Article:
Byzantine monasteries were located both in the countryside and in the cities, pre-eminently in Constantinople, and constituted centres of religious, cultural, philanthropic and economic life. They consisted of a complex of buildings, which apart from the monks' cells included the katholikon or main church, chapels, a refectory, a fountain, a bakery, storerooms and stables. Some of them also had hostels for pilgrims and travellers and hospitals and almshouses for the old. Quite often they had libraries and scriptoria, in which manuscripts were copied and in special cases beautifully illuminated. They were usually contained within strong defensive walls. Most of them possessed agricultural lands, which besides providing foodstuffs for the monks were a source of revenues, to be used for the benefit of the monastery - often to maintain or enhance its buildings. Their landed estates were largely acquired through imperial donations and grants of privileges - often in the shape of exemptions from state taxes. Private individuals also made donations to monasteries, usually in exchange for posthumous commemoration and prayers for the salvation of their soul. Donations in general were not just limited to landed property, for there were also gifts of cash and precious objects. Exemption from taxes and a stream of donations enabled monasteries to acquire additional properties through purchase. From the tenth century onwards their landed properties increased substantially thanks to the inclusion not only of fields and vineyards but also of mills, livestock and fishponds. Furthermore, they began to acquire urban rental properties, workshops and boats.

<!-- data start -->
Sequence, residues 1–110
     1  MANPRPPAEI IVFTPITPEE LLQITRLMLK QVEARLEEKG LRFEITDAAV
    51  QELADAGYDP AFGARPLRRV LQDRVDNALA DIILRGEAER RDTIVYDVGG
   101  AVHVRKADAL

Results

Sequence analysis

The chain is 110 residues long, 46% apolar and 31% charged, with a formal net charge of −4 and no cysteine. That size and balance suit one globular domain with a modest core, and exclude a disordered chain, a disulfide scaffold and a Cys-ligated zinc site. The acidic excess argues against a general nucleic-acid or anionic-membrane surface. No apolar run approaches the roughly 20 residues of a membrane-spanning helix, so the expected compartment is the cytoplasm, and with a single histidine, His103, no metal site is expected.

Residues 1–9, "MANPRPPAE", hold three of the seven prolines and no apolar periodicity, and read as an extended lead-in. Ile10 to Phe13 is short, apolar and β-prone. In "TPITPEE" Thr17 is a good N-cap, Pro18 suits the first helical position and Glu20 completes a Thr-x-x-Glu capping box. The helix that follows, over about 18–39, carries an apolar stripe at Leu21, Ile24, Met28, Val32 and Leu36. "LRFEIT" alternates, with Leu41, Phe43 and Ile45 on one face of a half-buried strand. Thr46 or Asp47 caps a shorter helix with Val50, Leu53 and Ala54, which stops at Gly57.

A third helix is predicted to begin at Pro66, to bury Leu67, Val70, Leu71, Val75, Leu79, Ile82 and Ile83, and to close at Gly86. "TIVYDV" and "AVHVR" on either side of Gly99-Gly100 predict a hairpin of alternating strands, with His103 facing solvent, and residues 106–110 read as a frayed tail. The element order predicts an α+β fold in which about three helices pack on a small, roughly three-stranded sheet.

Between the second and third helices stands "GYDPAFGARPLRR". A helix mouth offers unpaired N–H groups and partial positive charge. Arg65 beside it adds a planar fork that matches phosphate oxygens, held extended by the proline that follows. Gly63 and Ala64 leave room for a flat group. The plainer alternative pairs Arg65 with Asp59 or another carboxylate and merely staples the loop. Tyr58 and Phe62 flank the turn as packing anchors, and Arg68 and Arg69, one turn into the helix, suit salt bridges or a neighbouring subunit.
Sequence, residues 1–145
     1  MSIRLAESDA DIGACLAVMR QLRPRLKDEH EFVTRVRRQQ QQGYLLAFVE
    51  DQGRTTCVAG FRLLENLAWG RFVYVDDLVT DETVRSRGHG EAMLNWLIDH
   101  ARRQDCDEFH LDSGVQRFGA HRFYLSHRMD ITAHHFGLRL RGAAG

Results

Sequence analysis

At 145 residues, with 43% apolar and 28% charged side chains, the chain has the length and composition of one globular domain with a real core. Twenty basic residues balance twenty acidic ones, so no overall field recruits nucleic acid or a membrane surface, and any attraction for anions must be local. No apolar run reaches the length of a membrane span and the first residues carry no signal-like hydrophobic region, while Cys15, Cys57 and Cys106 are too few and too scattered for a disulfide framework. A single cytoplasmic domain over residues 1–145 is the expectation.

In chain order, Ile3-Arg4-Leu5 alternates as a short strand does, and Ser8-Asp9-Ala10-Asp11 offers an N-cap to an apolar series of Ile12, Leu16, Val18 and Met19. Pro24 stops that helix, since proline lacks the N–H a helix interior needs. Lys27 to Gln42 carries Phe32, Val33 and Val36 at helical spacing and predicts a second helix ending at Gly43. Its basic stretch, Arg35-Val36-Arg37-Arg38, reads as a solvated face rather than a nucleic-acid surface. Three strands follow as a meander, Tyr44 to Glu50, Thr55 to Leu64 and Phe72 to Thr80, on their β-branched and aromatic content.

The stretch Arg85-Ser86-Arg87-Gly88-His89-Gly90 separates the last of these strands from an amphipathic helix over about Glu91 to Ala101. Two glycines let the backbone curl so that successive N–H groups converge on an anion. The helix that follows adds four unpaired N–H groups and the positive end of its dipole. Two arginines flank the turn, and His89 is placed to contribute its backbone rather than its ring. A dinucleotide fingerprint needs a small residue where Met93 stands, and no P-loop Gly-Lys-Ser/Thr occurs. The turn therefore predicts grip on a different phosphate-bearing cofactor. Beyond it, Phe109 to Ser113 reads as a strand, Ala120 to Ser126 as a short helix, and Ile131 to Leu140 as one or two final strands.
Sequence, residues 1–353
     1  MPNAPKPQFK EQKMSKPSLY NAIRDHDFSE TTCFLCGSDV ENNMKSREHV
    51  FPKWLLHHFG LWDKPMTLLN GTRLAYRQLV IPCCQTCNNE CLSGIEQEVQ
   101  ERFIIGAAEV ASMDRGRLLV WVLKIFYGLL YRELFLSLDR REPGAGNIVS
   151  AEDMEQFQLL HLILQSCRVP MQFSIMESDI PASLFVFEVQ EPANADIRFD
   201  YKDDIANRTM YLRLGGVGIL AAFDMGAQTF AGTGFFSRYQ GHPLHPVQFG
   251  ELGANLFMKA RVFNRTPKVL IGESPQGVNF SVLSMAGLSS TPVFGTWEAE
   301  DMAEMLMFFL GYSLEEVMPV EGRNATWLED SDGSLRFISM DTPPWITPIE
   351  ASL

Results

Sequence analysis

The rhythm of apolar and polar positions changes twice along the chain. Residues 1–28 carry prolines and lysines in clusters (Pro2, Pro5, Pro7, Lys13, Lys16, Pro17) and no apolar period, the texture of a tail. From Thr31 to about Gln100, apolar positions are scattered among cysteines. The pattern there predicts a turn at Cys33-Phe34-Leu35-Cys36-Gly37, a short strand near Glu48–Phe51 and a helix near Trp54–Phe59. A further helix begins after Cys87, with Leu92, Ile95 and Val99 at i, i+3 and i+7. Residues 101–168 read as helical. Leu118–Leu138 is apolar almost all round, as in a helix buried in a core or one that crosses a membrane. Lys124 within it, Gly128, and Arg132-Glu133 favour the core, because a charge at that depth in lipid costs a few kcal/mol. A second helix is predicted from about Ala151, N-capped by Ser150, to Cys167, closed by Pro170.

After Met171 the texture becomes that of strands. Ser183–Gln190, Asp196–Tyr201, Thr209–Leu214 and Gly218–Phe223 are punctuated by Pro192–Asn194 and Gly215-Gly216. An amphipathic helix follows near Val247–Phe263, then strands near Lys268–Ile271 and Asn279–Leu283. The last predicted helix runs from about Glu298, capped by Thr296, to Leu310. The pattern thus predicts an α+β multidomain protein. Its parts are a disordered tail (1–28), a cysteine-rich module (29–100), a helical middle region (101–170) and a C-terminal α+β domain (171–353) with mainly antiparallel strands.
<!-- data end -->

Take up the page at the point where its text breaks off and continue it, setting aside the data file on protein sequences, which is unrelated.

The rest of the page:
Certain general principles regulated monastic life. Cenobitic monasticism meant a community following an egalitarian way of life, with all the monks following the same routine and sharing the same food at a common table. There was also idiorrhythmic monasticism, which allowed for an individualised style of existence, in which monks were permitted to possess personal property. This form of monastic life, for reasons to be analysed, became more
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